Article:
If it seems too good to be true, it probably is.

During the holiday season, always be wary of deals online. Here are some top scams to watch out for and how you can avoid becoming a scammer’s next victim.

Top scams to watch out for during the holidays

Many scams happen throughout the year, but scammers prey on the increase of online payments and web usage during the holidays, according to Forbes. Some scams you should watch out for include:

  • Gift card scams: Scammers love gift cards because they are untraceable, making it difficult to recover the money. A common way includes scammers asking people to pay with a gift card to avoid being in trouble with the government or pretending to be a family member or friend needing money for a store.
  • Charity scams: These may take place online or over the phone. Scammers will push victims into donating or trick them by thanking them for a donation they never did and asking for a payment. Scammers will be vague when asking but won’t detail how the donation is used.
  • Package delivery scams: Watch out for delivery notification scams texts or calls. The text messages and calls appear to be from a legitimate mail or package courier and include a fake tracking link. It will lead you to a website to enter your personal information or install malware on your computer or phone. This malware will start stealing your information. The scam may also come as a voicemail message asking you to call back to receive your delivery. The call can result in high connection fees and expensive per-minute rates. These scams may request money such as a customs fee or tax in return to deliver a package.
  • Temporary holiday job scams: Scammers take advantage of the seasonal hiring season to target job seekers. A job posting may ask the applicant to pay for job supplies, application, or training fees. They may also promise high wages for routine tasks such as answering phones.

Avoiding holiday scams

According to the FBI, there are some ways you can protect yourself and your money. They include:

Practice good cybersecurity hygiene. 

  • Don’t click any suspicious links or attachments in emails, on websites, or on social media. Phishing scams and similar crimes get you to click on links and give up personal information like your name, password, and bank account number. In some cases, you may unknowingly download malware to your device. 
  • Be especially wary if a company asks you to update your password or account information. Look up the company’s phone number on your own and call the company.

Know who you’re buying from or selling to.

  • Check each website’s URL to make sure it’s legitimate and secure. A site you’re buying from should have https in the web address. If it doesn’t, don’t enter your information on that site.  
  • If you’re purchasing from a company for the first time, do your research and check reviews.
  • Verify the legitimacy of a buyer or seller before moving forward with a purchase. If you’re using an online marketplace or auction website, check their feedback rating. Be wary of buyers and sellers with mostly unfavorable feedback ratings or no ratings at all.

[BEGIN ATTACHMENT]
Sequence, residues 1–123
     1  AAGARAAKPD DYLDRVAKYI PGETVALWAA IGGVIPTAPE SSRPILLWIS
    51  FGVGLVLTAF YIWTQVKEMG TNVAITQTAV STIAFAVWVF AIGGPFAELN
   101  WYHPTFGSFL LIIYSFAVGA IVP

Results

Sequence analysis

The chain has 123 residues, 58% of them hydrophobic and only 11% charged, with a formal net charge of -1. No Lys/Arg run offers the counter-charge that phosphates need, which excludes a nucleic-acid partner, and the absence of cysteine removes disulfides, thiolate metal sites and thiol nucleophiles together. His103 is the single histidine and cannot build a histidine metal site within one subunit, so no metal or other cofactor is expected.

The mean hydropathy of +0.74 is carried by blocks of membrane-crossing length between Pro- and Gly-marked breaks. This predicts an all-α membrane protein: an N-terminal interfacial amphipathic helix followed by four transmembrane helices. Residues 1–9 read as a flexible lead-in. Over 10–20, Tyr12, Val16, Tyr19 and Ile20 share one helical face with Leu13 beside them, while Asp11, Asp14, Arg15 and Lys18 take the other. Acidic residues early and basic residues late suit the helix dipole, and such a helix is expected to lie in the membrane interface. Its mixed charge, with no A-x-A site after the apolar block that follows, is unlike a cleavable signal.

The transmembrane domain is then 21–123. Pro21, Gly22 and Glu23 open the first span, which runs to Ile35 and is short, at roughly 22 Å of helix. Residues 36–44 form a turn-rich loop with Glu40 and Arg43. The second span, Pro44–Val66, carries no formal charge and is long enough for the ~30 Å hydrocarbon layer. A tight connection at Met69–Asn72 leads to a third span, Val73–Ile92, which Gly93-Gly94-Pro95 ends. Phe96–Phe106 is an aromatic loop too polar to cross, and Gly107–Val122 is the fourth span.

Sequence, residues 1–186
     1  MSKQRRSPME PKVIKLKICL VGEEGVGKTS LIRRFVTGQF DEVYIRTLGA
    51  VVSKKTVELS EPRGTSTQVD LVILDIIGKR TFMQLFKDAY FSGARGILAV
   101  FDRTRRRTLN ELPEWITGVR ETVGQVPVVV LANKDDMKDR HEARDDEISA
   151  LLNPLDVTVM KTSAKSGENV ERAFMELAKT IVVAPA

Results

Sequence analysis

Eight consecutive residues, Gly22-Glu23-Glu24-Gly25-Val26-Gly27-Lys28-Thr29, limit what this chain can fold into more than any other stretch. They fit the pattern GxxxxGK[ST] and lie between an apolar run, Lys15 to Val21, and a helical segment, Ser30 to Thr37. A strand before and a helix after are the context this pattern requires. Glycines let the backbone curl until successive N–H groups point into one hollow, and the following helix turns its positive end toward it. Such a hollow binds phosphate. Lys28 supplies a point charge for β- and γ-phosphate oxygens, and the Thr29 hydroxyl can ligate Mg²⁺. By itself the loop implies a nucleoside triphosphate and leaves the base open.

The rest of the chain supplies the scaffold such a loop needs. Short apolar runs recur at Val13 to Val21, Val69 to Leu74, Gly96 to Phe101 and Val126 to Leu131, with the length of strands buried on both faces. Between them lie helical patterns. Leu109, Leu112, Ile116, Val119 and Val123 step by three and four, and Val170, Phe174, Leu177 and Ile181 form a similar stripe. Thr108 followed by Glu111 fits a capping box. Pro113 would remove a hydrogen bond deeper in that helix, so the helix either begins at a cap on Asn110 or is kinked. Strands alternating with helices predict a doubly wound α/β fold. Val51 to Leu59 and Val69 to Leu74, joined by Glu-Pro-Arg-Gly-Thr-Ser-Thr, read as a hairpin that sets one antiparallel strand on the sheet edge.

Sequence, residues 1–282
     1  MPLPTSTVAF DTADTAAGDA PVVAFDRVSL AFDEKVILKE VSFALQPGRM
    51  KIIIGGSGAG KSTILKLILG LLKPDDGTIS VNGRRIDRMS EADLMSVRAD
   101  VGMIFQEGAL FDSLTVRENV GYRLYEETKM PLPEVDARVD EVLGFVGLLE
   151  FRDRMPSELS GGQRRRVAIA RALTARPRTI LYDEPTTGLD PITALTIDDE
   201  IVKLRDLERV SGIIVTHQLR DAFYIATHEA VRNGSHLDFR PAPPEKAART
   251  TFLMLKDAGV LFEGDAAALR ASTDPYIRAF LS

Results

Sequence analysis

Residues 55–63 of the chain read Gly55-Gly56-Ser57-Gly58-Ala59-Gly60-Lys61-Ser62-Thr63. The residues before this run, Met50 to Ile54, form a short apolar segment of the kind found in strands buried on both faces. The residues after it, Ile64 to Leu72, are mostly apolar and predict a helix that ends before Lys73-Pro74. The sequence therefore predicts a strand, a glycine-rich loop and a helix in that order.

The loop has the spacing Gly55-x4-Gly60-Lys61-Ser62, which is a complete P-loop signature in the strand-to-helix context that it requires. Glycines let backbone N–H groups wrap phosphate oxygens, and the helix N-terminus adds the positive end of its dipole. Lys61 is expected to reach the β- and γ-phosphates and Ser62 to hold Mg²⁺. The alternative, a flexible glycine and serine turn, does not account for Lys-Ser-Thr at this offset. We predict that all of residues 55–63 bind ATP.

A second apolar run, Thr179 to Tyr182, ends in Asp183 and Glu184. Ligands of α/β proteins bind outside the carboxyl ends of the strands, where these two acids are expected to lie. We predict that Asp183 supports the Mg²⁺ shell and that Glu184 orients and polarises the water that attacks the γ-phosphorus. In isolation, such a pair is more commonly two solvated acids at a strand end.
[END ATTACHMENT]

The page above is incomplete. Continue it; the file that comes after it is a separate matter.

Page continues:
• Avoid sellers who act as authorized dealers or factory representatives of popular items in countries where there would be no such deals.
  • Be wary of sellers who post an auction or advertisement as if they reside in the U.S., then respond to questions by stating they are out of the country on business, family emergency, or similar reasons.
  • Avoid buyers who request their purchase be shipped using a certain method to avoid customs or taxes inside another country.

Be careful how you pay.

  • Never wire money directly to a seller. 
  • Avoid paying for items with pre-paid gift cards. In these scams, a seller will ask you to send them a gift card number and PIN. Instead of using that gift card for your payment, the scammer will steal the funds, and you’ll never receive your item. 
  • Use a credit card when shopping online and check your statement regularly. If you see a suspicious transaction, contact your credit card company to dispute the charge.

Monitor the shipping process.

  • Always get tracking numbers for items you buy online, so you can make sure they have been shipped and can follow the delivery process.
  • Be suspect of any credit card purchases where the address of the cardholder does not match the shipping address when you are selling. Always receive the cardholder’s authorization before shipping any products.

The information in this article was obtained from various sources not associated with Adirondack Bank. While we believe it to be reliable and accurate, we do not warrant the accuracy or reliability of the information. Adirondack Bank is not responsible for, and does not endorse or approve, either implicitly or explicitly, the information provided or the content of any third-party sites that might be hyperlinked from this page. The information is not intended to replace manuals, instructions or information provided by a manufacturer or the advice of a qualified professional, or to affect coverage under any applicable insurance policy. These suggestions are not a complete list of every loss control measure. Adirondack Bank makes no guarantees of results from use of this information.

Written by: https://www.fbi.gov/how-we-can-help-you/safety-resources/scams-and-safety/common-scams-and-crimes/holiday-scams; https://www.forbes.com/advisor/personal-finance/holiday-scams/